Former senior White House adviser David Plouffe on Sunday rejected calls for a special prosecutor to investigate the IRS targeting of conservative groups, saying that the Justice Department and lawmakers would probe the matter “thoroughly.”

“You had Treasury undertaking the IRS, a 30-day review.  You had any number of congressional committees spending an inordinate amount of time on this,” said Plouffe on ABC’s “This Week.” “This is going to be looked into thoroughly, as it should be.”


Lawmakers have launched a number of investigations into the IRS’s use of heightened scrutiny for Tea Party groups seeking tax exemption. Both Congress and the White House have criticized the IRS over the scandal, but lawmakers in both parties are divided on the need for a special counsel to probe the matter.

Sen. Rob PortmanRobert (Rob) Jones PortmanWhere do we go from here? Conservation can show the way GOP senators offering bill to cement business provision in Trump tax law Mnuchin defends Treasury regulations on GOP tax law MORE (R-Ohio) led calls for a special prosecutor, but many of his GOP colleagues want Congress to take the lead on an investigation. Others have also expressed skepticism that a prosecutor appointed by Attorney General Eric HolderEric Himpton HolderIf Roger Stone were a narco, he'd be in the clear Trump flexes pardon power with high-profile clemencies They forgot that under Trump, there are two sets of rules MORE would be able to conduct an impartial review.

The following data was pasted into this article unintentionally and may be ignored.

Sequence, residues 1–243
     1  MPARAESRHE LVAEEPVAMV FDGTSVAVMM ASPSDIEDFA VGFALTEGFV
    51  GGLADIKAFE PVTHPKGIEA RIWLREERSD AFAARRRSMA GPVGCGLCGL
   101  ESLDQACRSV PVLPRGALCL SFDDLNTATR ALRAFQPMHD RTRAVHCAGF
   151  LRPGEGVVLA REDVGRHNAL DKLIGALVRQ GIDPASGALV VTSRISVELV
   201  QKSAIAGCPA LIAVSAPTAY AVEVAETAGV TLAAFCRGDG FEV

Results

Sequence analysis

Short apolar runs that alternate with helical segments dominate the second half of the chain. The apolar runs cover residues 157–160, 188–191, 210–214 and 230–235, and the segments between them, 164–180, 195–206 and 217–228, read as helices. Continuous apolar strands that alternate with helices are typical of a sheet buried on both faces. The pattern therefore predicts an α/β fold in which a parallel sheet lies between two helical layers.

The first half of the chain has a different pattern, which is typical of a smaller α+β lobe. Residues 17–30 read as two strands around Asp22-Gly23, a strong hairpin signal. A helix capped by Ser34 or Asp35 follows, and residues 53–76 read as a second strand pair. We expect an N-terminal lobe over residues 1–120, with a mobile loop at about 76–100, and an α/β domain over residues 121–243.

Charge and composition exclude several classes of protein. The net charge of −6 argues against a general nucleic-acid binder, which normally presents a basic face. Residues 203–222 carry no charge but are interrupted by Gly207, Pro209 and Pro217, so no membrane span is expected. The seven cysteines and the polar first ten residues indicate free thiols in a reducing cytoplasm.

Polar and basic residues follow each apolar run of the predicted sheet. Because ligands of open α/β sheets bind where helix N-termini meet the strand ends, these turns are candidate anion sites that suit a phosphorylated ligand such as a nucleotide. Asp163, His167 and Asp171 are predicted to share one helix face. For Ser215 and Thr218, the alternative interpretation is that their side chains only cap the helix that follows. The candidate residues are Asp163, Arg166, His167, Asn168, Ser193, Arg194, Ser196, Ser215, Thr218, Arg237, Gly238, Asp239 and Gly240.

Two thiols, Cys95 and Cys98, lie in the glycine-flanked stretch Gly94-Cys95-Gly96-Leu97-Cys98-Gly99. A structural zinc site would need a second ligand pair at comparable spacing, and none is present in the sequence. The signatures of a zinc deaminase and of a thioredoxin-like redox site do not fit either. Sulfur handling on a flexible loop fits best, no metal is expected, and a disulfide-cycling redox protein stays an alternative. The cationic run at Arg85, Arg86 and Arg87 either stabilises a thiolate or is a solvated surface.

A poll last week, though, showed broad support among voters in both parties for a special prosecutor. The Quinnipiac University poll showed 76 percent wanted a special investigator to 17 percent opposing. 

Eighty-eight percent of Republicans, 63 percent of Democrats and 78 percent of independents backed the move.

The White House has said it will not push for a special prosecutor, however. 

Deputy press secretary Josh Earnest told reporters last week that the president had confidence in new IRS Commissioner Danny Werfel and would wait for him to conclude his 30-day review.

“There are a lot of people looking at this from a lot of different perspectives.  And we’re confident that those who need to be held accountable for the wrongdoing that occurred there will be held accountable,” said Earnest. “And the President is committed to making sure that those steps are taken to make sure this doesn't happen again.”